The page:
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In interpolation theory, given a compatible couple of Banach spaces $(X_0, X_1)$ one considers the $J$ and $K$-functionals, defined as follows:

If $x \in X_0 + X_1$ and $t > 0$ then $$K(t, x) = \inf\{\|x_0\|_{X_0} + t\|x_1\|_{X_1} : x = x_0 + x_1, x_0 \in X_0, x_1 \in X_1\}.$$

If $x \in X_0 \cap X_1$ and $t > 0$ then $$J(t, x) = \max\{\|x\|_{X_0}, t\|x\|_{X_1}\}.$$

The books I checked gave those definitions without explaining where they came from. What is the motivation for defining the $J$ and $K$-functionals?

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    $\begingroup$ I can only offer the idea that both $K(t,\cdot)$ and $J(t,\cdot)$ define equivalent norms parametrized by $t$ on $X+Y$ and $X \cap Y$, respectively, emphasizing the $X$ or $Y$ aspects of the respective vector in dependence of $t$. This is then used to determine elements of, say, $X+Y$, with a certain "ratio" of $X$ and $Y$ aspects. (For the $K$-method, one requires that the $t$-parametrized family of norms given by the $K$-functional is $p$-integrable with the weight $t^{-\theta-1/p}$. The $J$-method works by completion and works less well in this explanation.) $\endgroup$
    – Hannes
    Mar 28 at 11:18

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I found the motivation in Luc Tartar's book An Introduction to Sobolev Spaces and Interpolation Spaces. It is in the first page of Chapter 24.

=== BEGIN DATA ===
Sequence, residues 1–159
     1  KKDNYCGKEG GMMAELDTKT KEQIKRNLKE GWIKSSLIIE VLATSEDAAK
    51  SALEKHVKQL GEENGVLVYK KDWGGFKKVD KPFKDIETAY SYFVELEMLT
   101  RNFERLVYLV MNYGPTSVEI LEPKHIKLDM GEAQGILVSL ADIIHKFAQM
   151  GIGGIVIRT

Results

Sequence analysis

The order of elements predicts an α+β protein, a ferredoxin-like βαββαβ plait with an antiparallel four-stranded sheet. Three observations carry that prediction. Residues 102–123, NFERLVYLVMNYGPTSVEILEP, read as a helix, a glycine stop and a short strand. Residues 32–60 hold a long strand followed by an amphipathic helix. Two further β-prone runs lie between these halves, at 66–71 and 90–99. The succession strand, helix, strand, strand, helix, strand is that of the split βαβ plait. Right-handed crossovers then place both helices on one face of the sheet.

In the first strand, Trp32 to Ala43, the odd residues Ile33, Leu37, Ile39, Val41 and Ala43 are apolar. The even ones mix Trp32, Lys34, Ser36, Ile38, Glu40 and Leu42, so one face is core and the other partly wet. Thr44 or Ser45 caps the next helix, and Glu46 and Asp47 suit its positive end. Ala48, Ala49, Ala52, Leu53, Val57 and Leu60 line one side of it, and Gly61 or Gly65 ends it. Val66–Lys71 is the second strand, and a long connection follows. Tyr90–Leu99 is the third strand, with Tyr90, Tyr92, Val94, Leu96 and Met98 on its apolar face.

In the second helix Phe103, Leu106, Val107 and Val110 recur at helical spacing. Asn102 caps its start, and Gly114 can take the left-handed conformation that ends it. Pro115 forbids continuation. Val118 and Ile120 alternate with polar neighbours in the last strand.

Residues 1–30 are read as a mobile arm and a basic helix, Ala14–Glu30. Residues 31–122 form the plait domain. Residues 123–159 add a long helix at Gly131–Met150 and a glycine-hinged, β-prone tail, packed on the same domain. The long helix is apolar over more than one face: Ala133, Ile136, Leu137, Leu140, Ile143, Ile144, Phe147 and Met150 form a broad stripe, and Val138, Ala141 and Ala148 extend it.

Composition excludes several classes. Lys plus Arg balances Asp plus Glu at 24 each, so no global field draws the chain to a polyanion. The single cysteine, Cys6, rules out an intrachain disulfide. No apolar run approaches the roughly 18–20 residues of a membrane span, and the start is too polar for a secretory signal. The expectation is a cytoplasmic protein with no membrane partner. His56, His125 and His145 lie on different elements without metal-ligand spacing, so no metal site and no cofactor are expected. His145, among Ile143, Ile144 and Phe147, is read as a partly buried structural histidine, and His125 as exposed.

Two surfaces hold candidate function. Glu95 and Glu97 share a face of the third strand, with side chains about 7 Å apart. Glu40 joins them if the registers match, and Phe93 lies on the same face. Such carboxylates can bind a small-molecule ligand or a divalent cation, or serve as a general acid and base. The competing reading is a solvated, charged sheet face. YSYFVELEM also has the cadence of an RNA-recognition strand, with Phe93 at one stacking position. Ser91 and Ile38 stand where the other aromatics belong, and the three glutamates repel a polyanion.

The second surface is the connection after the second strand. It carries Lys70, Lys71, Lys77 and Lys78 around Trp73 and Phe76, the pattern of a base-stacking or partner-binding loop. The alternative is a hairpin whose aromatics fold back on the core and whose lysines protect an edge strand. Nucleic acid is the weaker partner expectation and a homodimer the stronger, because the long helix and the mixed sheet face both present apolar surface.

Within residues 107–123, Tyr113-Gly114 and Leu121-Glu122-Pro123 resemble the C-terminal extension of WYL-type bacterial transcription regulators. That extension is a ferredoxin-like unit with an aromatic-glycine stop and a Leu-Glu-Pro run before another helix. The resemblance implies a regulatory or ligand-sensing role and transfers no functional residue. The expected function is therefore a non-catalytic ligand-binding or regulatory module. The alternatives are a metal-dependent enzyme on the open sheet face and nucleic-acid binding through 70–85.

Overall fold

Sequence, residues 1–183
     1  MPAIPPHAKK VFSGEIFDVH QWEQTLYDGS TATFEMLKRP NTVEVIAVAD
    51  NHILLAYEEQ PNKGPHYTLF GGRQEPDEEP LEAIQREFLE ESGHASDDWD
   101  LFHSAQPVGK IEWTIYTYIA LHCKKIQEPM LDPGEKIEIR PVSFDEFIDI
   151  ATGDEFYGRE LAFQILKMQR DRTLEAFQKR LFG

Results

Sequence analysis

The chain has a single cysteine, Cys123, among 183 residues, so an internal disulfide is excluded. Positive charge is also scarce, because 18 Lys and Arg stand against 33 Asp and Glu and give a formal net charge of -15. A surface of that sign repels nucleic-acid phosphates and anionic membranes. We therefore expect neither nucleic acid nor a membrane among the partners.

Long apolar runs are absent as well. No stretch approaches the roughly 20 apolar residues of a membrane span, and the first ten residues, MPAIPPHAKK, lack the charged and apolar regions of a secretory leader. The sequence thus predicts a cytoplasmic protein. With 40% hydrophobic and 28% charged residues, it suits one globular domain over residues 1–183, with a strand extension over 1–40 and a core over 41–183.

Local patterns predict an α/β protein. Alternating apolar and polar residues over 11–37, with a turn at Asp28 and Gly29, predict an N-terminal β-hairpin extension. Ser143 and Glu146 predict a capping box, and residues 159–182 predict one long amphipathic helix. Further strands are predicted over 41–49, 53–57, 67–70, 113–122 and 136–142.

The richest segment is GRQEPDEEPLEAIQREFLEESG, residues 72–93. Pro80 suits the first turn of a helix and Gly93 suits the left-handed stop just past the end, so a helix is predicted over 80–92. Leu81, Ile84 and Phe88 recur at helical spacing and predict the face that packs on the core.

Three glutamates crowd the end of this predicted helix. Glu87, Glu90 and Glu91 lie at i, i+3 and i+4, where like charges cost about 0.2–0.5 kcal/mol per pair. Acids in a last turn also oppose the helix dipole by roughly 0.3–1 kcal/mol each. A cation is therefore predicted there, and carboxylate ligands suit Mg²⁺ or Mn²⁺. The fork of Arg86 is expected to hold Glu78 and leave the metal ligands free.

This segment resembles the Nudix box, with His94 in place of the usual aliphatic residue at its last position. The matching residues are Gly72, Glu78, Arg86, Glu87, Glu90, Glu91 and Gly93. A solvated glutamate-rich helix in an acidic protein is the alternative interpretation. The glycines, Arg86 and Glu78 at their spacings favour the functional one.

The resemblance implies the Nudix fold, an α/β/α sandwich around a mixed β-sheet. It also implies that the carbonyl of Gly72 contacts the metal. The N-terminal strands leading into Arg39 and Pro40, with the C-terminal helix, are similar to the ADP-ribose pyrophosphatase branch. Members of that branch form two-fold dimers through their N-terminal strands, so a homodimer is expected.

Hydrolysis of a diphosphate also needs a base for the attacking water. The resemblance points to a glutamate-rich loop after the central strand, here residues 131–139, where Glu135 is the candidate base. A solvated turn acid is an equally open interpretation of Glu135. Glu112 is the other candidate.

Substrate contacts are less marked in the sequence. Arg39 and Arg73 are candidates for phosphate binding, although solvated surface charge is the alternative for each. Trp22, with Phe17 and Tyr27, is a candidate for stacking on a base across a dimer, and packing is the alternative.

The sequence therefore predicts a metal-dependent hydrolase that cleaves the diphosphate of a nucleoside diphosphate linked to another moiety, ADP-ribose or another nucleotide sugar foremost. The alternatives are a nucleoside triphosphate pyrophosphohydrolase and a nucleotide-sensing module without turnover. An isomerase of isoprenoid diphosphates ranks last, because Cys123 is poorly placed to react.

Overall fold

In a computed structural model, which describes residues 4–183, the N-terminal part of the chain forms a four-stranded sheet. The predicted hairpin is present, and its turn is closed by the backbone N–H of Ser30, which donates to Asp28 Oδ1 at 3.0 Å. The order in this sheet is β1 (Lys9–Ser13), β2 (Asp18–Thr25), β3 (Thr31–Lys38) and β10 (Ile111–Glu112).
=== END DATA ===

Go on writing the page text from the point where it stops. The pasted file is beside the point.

I quote:

The K-method is the natural result of investigations which originated in questions of traces: if $u \in L^{p_0} (R_+; E_0)$ and $u′ \in L^{p_1} (R+; E1)$ with $1 \leq p0, p1 \leq ∞$, then $u \in C^0([0, 1]; E_0 + E_1)$, so that $u(0)$ exists and the question is to characterize the space of such values at 0 (traces). As one can change $u(t)$ in $u(tλ)$ with $λ > 0$ and not change $u(0)$, one then discovers naturally that one can consider spaces of functions such that $t^{α_0} u \in L^{p_0} (R+; E_0)$ and $t^{α_1} u′ \in L^{p_1} (R+; E_1)$, and for some set of parameters $u(0)$ exists. These ideas may have started with Emilio GAGLIARDO, and I do not know if he had first identified the traces of functions from $W^{1,p}(R^N)$ on an hyperplane before or after thinking of the general framework, but certainly Jacques-Louis LIONS and Jaak PEETRE perfected the framework, and the $K$-method is Jaak PEETRE’s further simplification, which shows that the family of interpolations spaces that they had introduced only depends upon two parameters.

If one wants to characterize the duals of the spaces obtained, then one finds easily that these dual spaces are naturally defined as integrals, and one considers then questions like that of identifying which are the elements $a ∈ E_0 + E_1$ which can be written as $∫^∞_0 v(t) dt$ where $t^{β_0} v ∈ L^{q_0} (R+; E_0)$ and $t^{β_1} v ∈ L^{q_1} (R+; E_1)$, for the range of parameters where the integral is defined. Again, looking at $v(tλ)$ shows that there are not really four parameters, but one important observation is that these spaces are (almost) the same as the ones defined by traces, and I do not know if Emilio GAGLIARDO had investigated such questions before the basic work of Jacques-Louis LIONS and Jaak PEETRE. The J-method is then the simplification by Jaak PEETRE of the preceding framework.

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